UNESCO hosts dialogue with Global South Experts on Justice in the Digital Age
This event highlighted that while AI can be used to strengthen administration of justice, the emergence of legal analytics and predictive justice brings along implications for human rights as AI systems’ opaqueness can go against the principles of open justice, due process, and the rule of law.
Earlier this year, UNESCO’s Artificial Intelligence Needs Assessment in Africa had identified the need for judicial operators to be aware of both the opportunities and risks of using AI in justice systems across 32 countries in Africa.
How is AI being used in justice systems?
Rafael Leite Paulo, Federal Judge and Assistant to the Presidency of the National Council of Justice in Brazil, presented digital transformation initiatives in the Brazilian Justice system. Judge Leite Paulo described the Socrates system used at the Supreme Tribunal of Justice. It produces an automated examination of each appeal sent to the Tribunal and its previous judgement and recommends legislative resources, legal precedents, and the next course of action. For state courts, AI systems like LEIA and Hércules, used in the Tribunal of Justice of Acre (TJAC) and Tribunal of Justice of Alagoas (TJAL) respectively, optimize repetitive tasks and ensure greater legal scrutiny.
In terms of law enforcement, AI is being adopted in countries such as the US, Brazil, UK, India, Argentina, Columbia, and Estonia, said Jhalak Kakkar, Executive Director of Centre for Communication Governance, National Law University Delhi. The advances include using digital evidence in prosecution, using predictive policing and facial recognition.
For the Brazilian justice system, the next step is to facilitate more collaboration between the different court algorithms, according to Judge Paulo. To accomplish this, the Brazillian judiciary is looking to SINAPSES, an AI tool being transformed into a framework which can display past court decisions from various parts of Brazil. "We want to encourage a collaborative environment, empower teams and make projects gain years of progress and greatly increase the number of models that we can deliver in the coming years," Judge Paulo said.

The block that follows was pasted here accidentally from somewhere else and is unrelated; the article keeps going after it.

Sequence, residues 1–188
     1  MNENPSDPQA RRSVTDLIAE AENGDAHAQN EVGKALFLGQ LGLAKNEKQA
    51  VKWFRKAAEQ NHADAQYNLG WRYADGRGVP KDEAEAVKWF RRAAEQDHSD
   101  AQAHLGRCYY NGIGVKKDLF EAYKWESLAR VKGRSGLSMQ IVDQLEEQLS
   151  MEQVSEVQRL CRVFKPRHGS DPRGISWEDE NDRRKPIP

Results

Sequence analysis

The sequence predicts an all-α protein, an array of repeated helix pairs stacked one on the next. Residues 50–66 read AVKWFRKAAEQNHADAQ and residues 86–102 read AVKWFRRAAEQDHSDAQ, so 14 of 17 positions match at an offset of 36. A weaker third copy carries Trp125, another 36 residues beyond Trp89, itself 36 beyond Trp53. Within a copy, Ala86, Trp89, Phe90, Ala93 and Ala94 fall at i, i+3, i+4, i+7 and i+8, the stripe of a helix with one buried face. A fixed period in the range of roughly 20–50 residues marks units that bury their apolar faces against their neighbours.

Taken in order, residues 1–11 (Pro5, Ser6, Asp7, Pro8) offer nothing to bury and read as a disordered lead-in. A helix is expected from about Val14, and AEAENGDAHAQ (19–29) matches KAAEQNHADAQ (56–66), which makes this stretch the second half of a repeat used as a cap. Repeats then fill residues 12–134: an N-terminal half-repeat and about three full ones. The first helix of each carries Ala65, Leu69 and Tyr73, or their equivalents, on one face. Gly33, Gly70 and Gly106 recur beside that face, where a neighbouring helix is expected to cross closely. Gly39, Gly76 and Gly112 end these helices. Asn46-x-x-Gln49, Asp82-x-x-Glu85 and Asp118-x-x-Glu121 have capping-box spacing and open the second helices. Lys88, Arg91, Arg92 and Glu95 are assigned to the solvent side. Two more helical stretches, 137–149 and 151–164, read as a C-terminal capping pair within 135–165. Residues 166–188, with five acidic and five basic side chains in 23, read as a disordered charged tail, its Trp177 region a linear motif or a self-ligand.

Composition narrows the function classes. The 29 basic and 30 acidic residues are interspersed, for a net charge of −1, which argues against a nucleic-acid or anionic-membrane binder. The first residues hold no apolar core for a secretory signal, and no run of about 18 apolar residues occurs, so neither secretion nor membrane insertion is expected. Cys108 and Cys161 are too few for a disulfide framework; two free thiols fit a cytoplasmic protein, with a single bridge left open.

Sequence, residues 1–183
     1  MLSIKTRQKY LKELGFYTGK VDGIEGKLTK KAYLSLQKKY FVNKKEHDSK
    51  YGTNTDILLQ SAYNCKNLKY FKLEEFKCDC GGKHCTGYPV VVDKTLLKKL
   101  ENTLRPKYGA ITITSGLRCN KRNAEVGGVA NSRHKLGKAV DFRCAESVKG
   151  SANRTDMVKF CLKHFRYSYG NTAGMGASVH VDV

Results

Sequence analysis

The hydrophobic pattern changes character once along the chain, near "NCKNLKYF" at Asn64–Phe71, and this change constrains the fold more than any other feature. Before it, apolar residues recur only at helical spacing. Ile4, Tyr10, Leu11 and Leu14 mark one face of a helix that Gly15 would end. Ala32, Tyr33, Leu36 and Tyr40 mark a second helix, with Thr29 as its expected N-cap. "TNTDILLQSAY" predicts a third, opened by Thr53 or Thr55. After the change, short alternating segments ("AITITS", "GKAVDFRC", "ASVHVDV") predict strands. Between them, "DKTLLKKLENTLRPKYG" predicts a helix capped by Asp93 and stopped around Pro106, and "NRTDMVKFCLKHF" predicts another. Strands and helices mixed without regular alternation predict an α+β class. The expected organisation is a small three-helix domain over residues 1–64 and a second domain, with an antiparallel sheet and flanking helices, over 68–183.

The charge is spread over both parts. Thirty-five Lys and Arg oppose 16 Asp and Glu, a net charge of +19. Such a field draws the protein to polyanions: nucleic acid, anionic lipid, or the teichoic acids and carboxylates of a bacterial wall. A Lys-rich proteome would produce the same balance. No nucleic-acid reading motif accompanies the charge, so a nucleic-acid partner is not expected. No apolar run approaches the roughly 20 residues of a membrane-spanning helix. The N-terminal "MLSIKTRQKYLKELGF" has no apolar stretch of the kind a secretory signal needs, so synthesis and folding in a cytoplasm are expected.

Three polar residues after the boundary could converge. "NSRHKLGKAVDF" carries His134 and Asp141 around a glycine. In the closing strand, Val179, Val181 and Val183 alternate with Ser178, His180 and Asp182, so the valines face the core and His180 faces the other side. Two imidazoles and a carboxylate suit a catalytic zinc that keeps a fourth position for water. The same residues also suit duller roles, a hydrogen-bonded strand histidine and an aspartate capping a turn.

In fact, any adoption of AI tools should be based on extensive collaboration, including public consultation with a broad cross-section of stakeholder groups from civil society, academic and technical experts, public sector institutions and the private sector, said Ms Kakkar.
An example presented was that of the UNESCO Global Judges Initiative, which has established institutional partnerships with regional and national courts, as well as with international associations of judges and prosecutors, in order to foster the respect for human rights and the rule of law at all levels.
According to UNESCO, digital technologies offer a potential to strengthen access to justice, but we need to ensure that technology is used in a manner that is inclusive, human rights based and context sensitive.
The dialogue explored possibilities for collaboration between legal tech entrepreneurs, lawyers and human rights experts in the Global South to enhance knowledge sharing and advocacy for responsible use of AI and digital technologies in justice systems.